THE FIRST STEP
The first steps into Srinagar comforted this spontaneous feeling, and on the morning of Eid, the city adopted me.
“Sugar?” Ammaji hands me the little copper cup containing tiny cubes of translucent grains. “My mother used to say that the most delicious kahwah is so sweet that it should stick your lips together.” Her enthusiasm cajoles me into adding a full spoon of sweetness into my China cup and reminds me of my own mother’s Algerian mint tea, so full of flavour. From the large samowar, the father serves cup after cup to our little assembly. All of us sit in padmasana, the lotus position, around a blue flowery tablecloth, our lips savouring the warm Kashmiri beverage. Deliciously scented steam escapes from the massive copper kettle, an object reminiscent of Russian nostalgia, while inside, hot charcoal brings the water to boil. Green tea, cardamom, cinnamon and sugar blend into a tasteful combination, with an additional pinch of saffron to warm the heart during cold Himalayan winters. A round salty bread called tchot, fresh from the local bakery, comes to balance this family breakfast. Ayan invited me to celebrate the Eid-ul-Fitr, the end of Ramadan, in his Kashmiri home, without telling me what to expect. It was my third trip to North India, I felt confident, at ease, ever curious. The first steps into Srinagar comforted this spontaneous feeling, and on the morning of Eid, the city adopted me.
Breakfast brings together family and friends around the old memories of past celebrations. In the soft fumes of the samowar, grandfather Abaji and his wife Ammaji break their fast, marking the end of the holy month.
They have opened their door to foreigners with joy and welcomed in Christians, Hindus, Agnostics and Atheists without notice. To each of us, their children for the day, they offer an anthology of Kashmiri poetry, reminiscent of the money they used to be given when they were younger. Every year, the rituals are the same, but the faces surrounding the tablecloth change. My mind wanders, and I remember past Christmases in Brittany as a young child, awakening from a dreamy night full of anticipation for the gifts I would soon receive. If I close my eyes, I can nearly smell the orange blossom cake my mother would religiously cook for us. Today, kahwah and tchot have a similar taste.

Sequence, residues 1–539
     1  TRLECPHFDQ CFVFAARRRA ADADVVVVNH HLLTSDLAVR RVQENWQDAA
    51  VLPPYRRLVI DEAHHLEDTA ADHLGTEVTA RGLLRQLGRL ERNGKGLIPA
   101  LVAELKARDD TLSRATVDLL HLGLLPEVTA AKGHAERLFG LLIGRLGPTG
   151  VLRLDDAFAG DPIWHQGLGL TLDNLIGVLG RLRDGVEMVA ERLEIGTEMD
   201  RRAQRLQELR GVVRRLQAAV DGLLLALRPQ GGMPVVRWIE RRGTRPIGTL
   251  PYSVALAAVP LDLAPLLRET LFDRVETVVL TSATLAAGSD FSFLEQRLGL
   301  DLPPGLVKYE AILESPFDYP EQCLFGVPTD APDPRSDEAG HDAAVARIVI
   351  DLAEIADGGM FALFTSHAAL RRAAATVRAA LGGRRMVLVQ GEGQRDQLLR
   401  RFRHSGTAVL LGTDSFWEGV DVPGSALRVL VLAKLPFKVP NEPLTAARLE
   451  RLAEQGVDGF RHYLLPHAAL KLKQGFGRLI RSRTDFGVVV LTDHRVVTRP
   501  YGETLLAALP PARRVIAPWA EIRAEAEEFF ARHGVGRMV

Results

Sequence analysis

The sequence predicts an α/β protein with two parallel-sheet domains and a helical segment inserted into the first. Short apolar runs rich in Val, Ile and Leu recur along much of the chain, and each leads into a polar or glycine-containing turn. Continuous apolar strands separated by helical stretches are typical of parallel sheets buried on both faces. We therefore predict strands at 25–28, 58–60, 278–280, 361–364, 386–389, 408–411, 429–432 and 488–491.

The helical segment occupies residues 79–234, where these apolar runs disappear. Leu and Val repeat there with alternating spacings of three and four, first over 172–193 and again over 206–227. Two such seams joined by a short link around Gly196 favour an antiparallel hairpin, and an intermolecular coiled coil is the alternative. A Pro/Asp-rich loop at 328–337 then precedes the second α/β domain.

INTO THE BLUE KITCHEN
As the older generation embraces the younger, Ammaji looks at me and suggests. “Why don’t you stay with me to see how I make my yakhni?”
Staring deep into my eyes, she elects me to pass on her immemorial knowledge. A thin line emerges between us, pulling the old Kashmiri woman with authoritative wrinkles nearer to me. I am accepted into the intimacy of the blue kitchen, the most inner room of the house. For once, I see the chance offered by my position as a woman. In a patriarchal society, certain doors, closed to my fellow male travellers, open before me.
Ingredients for 4:
1 kg mutton
1 kg fresh yoghurt
2 onions 3 shallots
a few dried mint leaves
1 tsp. anise seeds
3 tbsp. oil
3 green cardamom pods
1 cinnamon stick
salt to taste
Take a heavy bottomed pan; add 4- 5 cups of water with salt. In cotton gauze place the anise seeds, the cloves, the green cardamoms, and the cinnamon. Place it in the water along with the mutton and let it cook.
Take a saucepan and fry onions and shallots in oil till brown, then using a hand blender, adding a little water to turn them into a paste.
Heat oil in another pan and add the yoghurt. Keep stirring the mixture till it boils without interruption and let the water in the yoghurt evaporate till you are left with a cream on which oil floats.
Add onion paste to this mixture and mix well. Reduce the flame and add the meat pieces.
Strain the broth from the mutton and add it to the vessel containing mutton. Add dried mint, possibly dried in the sun, and cook for some more time.
Serve hot with steamed Basmati rice.
Ingredients for 4 cups:
5 ½ cups water
5 teaspoons sugar or to taste (could be replaced with honey)
About 4 inches of whole cinnamon
5 green cardamom, bruised
1 pinch of saffron (6 strands) normally added in winter
2 teaspoons kahwa, green tea
1-2 tablespoons sliced almonds
Boil the water with the cinnamon and green cardamoms, sugar and saffron if you wish, for 5-10 minutes till the colour of the water is brown and emits a good fragrance.
Whole spices are better, do not use powdered.
Remove from flame, add the tea leaves, cover with a lid, and let stand for 3-5 minutes till the tea brews.
Pour into warmed cups and, if you like, add ¼ teaspoon sliced almonds in each cup.